The Sharpeville massacre takes place

Sharpeville Massacre victims and police Image source

Monday, 21 March 1960

On 21 March, 1960, a breakaway organisation from the African National Congress (ANC), the Pan Africanist Congress (PAC) staged an anti-pass demonstration outside Sharpeville police station near Vereeniging. They voluntarily handed over their passes, demanding an end to the pass laws. However, the march ended in tragedy when the police opened fire on the marchers, killing 69 people and injuring close to 200 people, in what has come to be known as the Sharpeville Massacre. Some commentators argue that the events of Cato Manor, the year before, caused the policemen to open fire on the peaceful protesters. However, whatever reasons underpinned the decision to open fire, it was an unmitigated disaster, with the majority of the protesters shot in the back as they fled. According to reports, the ANC had planned a similar campaign against the pass laws for 31 March 1960. The PAC pre-empted this and announced the beginning of their campaign to start ten days earlier. Human Rights Day on 21 March has been a public holiday in South Africa ever since 1994, and it is observed to commemorate this important event in our history, as well as the importance of all other human rights.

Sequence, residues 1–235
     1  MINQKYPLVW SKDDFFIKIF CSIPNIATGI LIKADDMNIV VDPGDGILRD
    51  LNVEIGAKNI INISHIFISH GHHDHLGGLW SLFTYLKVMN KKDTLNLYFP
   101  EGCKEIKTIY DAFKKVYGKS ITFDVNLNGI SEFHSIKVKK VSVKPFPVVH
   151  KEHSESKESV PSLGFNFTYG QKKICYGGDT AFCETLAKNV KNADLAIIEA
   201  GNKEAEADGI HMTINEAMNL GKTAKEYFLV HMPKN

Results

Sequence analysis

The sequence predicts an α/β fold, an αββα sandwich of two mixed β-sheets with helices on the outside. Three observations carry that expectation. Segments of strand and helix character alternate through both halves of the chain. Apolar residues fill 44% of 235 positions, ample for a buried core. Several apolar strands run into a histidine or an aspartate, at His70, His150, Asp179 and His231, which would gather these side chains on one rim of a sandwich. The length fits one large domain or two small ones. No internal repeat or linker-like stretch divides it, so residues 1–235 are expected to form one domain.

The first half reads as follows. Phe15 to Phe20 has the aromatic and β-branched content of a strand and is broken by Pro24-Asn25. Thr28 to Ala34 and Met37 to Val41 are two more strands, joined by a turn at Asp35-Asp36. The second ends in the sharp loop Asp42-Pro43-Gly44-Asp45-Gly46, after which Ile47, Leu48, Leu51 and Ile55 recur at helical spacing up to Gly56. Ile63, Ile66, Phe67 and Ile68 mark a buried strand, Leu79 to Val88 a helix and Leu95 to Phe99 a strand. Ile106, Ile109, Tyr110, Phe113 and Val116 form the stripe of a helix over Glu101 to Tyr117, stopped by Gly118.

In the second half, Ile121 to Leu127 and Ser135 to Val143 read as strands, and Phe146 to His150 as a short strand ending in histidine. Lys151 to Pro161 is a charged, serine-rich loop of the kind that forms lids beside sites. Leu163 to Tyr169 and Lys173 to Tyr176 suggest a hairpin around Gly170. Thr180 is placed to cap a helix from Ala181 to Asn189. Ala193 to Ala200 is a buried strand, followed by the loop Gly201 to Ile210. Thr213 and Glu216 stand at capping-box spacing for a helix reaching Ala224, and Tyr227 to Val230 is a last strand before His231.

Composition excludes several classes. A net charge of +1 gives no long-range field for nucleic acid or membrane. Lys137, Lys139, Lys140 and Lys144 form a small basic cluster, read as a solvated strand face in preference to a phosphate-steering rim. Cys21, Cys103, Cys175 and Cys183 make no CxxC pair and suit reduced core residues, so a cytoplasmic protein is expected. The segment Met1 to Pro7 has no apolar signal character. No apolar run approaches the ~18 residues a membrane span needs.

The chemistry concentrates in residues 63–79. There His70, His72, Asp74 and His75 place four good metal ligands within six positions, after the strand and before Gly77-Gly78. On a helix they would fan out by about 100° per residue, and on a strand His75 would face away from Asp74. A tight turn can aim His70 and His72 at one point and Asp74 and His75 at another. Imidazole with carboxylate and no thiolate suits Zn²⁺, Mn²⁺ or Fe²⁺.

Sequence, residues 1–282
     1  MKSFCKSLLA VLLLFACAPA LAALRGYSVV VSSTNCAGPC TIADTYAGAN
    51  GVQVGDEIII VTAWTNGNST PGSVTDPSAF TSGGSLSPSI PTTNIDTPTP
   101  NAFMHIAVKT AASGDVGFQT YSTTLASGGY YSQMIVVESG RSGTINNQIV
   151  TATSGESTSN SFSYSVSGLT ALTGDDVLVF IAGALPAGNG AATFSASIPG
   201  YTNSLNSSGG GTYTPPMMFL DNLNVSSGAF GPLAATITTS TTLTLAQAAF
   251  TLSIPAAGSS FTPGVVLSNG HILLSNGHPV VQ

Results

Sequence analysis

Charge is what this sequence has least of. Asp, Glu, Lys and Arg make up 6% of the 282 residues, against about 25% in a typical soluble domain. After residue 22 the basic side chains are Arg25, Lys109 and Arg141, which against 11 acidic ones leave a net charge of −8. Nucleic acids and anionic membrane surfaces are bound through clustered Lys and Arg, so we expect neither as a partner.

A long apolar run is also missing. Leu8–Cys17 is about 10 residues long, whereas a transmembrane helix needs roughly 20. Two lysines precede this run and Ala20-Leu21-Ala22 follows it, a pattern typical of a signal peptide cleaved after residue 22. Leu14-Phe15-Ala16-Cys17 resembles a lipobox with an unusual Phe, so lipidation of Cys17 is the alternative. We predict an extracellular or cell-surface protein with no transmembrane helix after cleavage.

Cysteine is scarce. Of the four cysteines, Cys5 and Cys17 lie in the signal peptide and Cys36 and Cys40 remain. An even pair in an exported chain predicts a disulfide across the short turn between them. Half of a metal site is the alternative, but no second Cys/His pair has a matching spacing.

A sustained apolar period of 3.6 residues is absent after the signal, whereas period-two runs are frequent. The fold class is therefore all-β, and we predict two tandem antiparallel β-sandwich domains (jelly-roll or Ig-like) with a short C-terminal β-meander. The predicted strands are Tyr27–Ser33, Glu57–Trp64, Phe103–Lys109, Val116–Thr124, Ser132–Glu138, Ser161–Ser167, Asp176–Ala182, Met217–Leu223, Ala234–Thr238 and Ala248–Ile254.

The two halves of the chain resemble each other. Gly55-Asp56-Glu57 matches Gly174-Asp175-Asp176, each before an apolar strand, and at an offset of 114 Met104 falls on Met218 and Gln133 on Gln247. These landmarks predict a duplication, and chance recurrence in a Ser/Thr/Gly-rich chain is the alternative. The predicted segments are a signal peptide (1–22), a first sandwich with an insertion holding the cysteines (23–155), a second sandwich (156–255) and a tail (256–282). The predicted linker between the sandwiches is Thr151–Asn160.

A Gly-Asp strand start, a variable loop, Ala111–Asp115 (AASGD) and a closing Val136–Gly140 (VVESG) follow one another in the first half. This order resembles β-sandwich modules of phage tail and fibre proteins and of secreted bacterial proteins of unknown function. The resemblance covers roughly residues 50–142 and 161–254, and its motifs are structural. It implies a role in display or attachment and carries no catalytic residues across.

• South African History Online, 'Sharpeville Massacre, 21 March 1960',  [online], Available at: [Accessed: 18 March 2014]
Body-Evans A. (2014),” Sharpeville Massacre: The Origin of South Africa's Human Rights Day”, From:, [online] ,Available at: ,[Accessed: 17 March 2014] 

Last updated : 17-Mar-2017

This article was produced for South African History Online on 14-Mar-2014